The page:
Saturday Jul 2, 2022
Saturday Jul 2, 2022

MoNA's first annual art festival held at Thamel

"MoNA Annual Art Festival is a small effort to bring Nepali art and artists into limelight”, Hamal says.


Nepalnews
2021 Oct 07, 17:37, Kathmandu

The Museum of Nepali Art (MoNA) held their first annual art festival today at Kathmandu Guest House Dream Garden, Thamel. The festival was an effort to bring Nepali art and artists to the limelight and also to support children battling cancer.

Thirty-three renowned Nepali artists came together for the day-long ‘live-art congregation’.

The event was kicked off by popular actor Rajesh Hamal at 12 pm.


Abdullah Tuncer Kececi(General Manager of Turkish Airlines Inc), Rajesh Hamal and his wife Madhu Bhattarai Hamal
Abdullah Tuncer Kececi(General Manager of Turkish Airlines Inc), Rajesh Hamal and his wife Madhu Bhattarai Hamal

“The world is attracted to our tradition and art. Therefore it is very important to preserve our originality. MoNA Annual Art Festival is a small effort to bring Nepali art and artists into limelight”, Hamal says. “Nepali culture and art is very unique. It is good to see modernization and western influence in our art, but we should not forget our roots”, he adds.

Other than promoting Nepali art and artists, the art festival also was a kickstarter for the idea of promoting Saat Ghumti, Thamel’s west end into an area focused on art and culture. The Art Street is the first attempt of promoting and dedicating a specific area into an intellectual, cultural and artistic district in Nepal. It also aims to promote Nepal as an art destination.

The start of the Art Street coincided with the inauguration of the Kathmandu Art House (KAH), a studio and art gallery where diverse art forms and styles practiced by living Nepali artists is shared under one roof.


Artist painting a Lord Ganesha.
Artist painting a Lord Ganesha.

The live artwork created during the event is available for purchase by the public. Part of the proceeds of the sale will go to support children fighting cancer at Kanti Children’s Hospital, Kathmandu.

22 year old Manish Dhoju was one of the artists in the festival. He realized that watercolors were not just a thing in his childhood.

“I wanted to draw something that looks like photographs,” he says. Dhoju learnt hyperrealism art through Google and YouTube videos. He used graphite (pencil), charcoal and white highlighter pen to create his art. “I used the white highlighter for the beard because it is very difficult to pull out white highlights from charcoal”, he adds.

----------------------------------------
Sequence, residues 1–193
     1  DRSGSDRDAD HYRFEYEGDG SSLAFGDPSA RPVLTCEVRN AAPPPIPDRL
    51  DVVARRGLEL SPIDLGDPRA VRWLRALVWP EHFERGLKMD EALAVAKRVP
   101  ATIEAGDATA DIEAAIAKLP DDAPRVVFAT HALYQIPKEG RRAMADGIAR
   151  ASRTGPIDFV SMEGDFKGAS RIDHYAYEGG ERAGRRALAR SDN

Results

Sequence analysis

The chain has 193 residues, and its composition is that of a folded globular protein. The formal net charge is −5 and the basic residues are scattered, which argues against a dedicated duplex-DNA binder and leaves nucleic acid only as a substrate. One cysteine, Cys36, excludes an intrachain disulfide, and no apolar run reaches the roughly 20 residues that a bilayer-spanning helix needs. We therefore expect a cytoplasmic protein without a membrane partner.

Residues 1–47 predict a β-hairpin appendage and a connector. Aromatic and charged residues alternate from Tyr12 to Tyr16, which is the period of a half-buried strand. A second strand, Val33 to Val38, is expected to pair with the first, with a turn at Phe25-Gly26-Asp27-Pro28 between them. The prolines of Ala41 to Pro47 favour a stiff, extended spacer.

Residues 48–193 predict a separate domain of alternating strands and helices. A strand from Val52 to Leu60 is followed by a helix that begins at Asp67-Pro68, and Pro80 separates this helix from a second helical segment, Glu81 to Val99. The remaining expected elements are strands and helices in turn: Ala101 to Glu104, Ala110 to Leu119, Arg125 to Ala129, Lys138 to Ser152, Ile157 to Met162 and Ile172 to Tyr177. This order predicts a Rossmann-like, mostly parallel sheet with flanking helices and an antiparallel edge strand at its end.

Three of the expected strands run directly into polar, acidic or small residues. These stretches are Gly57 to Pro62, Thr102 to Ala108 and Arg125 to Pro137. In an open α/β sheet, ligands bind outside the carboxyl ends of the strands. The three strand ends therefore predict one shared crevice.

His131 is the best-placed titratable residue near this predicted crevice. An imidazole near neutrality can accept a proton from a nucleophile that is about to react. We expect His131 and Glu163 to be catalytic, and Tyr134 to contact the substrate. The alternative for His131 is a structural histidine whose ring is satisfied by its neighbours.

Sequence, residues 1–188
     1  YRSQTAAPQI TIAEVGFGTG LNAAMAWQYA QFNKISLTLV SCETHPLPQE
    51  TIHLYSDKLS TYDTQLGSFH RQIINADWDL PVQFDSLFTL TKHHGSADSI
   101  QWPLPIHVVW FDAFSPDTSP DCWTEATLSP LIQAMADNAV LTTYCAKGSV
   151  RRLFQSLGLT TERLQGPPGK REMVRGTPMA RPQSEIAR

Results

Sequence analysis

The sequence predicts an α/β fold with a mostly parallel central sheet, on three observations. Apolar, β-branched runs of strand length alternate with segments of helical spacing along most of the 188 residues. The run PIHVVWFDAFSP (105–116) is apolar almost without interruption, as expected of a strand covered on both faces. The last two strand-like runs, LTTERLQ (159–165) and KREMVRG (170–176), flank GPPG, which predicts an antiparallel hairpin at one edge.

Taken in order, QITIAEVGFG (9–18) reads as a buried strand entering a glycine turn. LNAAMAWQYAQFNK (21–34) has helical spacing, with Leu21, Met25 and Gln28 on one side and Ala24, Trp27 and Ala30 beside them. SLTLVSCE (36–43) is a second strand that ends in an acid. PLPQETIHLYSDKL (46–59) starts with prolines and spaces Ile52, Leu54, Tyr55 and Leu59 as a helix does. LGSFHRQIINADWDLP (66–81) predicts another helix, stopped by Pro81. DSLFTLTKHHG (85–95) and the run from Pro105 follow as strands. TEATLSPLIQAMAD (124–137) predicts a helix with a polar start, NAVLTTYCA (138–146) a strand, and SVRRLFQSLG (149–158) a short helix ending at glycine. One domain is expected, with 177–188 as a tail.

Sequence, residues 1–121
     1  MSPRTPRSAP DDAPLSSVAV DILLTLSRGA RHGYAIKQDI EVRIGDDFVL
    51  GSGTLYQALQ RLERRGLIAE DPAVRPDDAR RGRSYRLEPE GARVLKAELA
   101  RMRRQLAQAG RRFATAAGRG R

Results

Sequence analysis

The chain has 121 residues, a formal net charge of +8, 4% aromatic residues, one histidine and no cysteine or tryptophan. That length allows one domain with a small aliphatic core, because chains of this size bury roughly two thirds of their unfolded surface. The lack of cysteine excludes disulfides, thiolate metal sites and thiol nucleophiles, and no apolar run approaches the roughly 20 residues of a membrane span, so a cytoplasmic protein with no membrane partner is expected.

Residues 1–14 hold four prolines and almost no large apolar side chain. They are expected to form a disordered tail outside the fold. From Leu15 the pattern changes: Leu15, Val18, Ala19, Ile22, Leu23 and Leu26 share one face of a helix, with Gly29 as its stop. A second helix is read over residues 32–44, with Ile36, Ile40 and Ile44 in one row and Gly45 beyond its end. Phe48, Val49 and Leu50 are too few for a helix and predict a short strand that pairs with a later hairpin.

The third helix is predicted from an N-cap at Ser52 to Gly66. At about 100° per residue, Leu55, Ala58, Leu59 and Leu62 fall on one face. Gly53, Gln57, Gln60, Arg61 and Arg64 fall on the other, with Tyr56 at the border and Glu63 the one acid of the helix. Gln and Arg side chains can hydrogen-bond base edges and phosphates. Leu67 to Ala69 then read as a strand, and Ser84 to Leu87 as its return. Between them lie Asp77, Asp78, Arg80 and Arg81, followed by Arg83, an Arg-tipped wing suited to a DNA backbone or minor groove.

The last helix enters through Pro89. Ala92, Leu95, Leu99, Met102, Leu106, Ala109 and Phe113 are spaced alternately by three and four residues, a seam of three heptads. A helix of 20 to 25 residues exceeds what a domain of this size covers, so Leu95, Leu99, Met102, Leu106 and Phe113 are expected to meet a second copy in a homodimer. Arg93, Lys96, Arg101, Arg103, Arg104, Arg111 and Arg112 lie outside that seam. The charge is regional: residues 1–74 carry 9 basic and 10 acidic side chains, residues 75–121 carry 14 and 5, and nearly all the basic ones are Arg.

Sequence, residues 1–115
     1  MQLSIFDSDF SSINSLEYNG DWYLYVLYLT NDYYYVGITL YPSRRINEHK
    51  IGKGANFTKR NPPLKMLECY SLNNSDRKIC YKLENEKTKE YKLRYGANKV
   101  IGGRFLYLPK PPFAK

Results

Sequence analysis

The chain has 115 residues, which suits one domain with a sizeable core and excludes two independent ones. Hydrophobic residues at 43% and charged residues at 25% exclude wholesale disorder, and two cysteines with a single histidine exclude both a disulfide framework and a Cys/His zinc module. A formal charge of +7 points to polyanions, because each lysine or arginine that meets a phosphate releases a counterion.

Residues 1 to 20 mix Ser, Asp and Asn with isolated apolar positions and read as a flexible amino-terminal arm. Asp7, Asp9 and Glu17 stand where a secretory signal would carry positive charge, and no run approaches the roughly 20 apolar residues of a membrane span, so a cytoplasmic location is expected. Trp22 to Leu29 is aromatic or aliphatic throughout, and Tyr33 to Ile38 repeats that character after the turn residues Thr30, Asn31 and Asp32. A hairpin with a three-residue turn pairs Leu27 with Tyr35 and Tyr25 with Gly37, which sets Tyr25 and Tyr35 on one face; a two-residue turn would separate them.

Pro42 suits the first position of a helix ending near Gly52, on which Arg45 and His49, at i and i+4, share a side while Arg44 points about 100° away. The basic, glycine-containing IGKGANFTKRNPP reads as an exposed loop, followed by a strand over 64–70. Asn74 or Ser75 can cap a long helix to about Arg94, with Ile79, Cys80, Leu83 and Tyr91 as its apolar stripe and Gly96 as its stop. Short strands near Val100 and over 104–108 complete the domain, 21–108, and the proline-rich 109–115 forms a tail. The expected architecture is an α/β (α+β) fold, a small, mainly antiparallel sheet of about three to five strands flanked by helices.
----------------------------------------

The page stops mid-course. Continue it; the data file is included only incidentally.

Manish Dhoju working on his portrait. The theme of the image is hyper-realism. Photo: Prasan Gurung/Nepalnews
Manish Dhoju working on his portrait. The theme of the image is hyper-realism. Photo: Prasan Gurung/Nepalnews

Sangee Shrestha, a contemporary artist used minimal colors and lines in her art. It may look simple but it carries a deeper meaning. “The darker shades in my painting represent the sadness of life. The lighter shades and the upward spiral is an inspiration to not lose hope during difficult times in life”, she says.

Sangee Shrestha working on her painting. Photo: Prasan Gurung/Nepalnews
Sangee Shrestha working on her painting. Photo: Prasan Gurung/Nepalnews

Asha Dangol created an art piece portraying the anger of the mountains. “Mountains may not have life in them, but there is only so much that they can handle. With every climb, pollution is increasing on the mountains”, he says.

Asha Dangol (right) at the MoNA's Annual Art Festival. 
Photo: Prasan Gurung/Nepalnews
Asha Dangol (right) at the MoNA's Annual Art Festival. Photo: Prasan Gurung/Nepalnews

Jeevan Rajopadhyaya started his journey by doing landscapes in his early days. These days he is into abstract painting. “Nature never fails to inspire me. There are so many things in nature to be inspired from”, he says.

Jeevan Rajopadhyay working on his abstract art. Photo: Prasan Gurung/Nepalnews
Jeevan Rajopadhyay working on his abstract art. Photo: Prasan Gurung/Nepalnews

Binod Gautam, a stone carver was also present at the festival. He learnt stone carving skills at Swayambhunath. “I have been working as a stone carver for about 15 years now”, he says. Today, many of Gautam’s creations are on display in different museums.

Binod Gautam, Stone craving artist.
Binod Gautam, Stone craving artist.
Stone carvings ready to get sold.
Stone carvings ready to get sold.

The event became a gateway for artists, as Dangol explains “due to lockdowns, it was a difficult time for all artists. It feels good to be here and doing what I love. I look forward to coming to this festival again next year.”

READ ALSO:

The Museum of Nepali Art Kathmandu Guest House Dream Garden Thamel nepali actor Nepal. Nepali art Nepali artists
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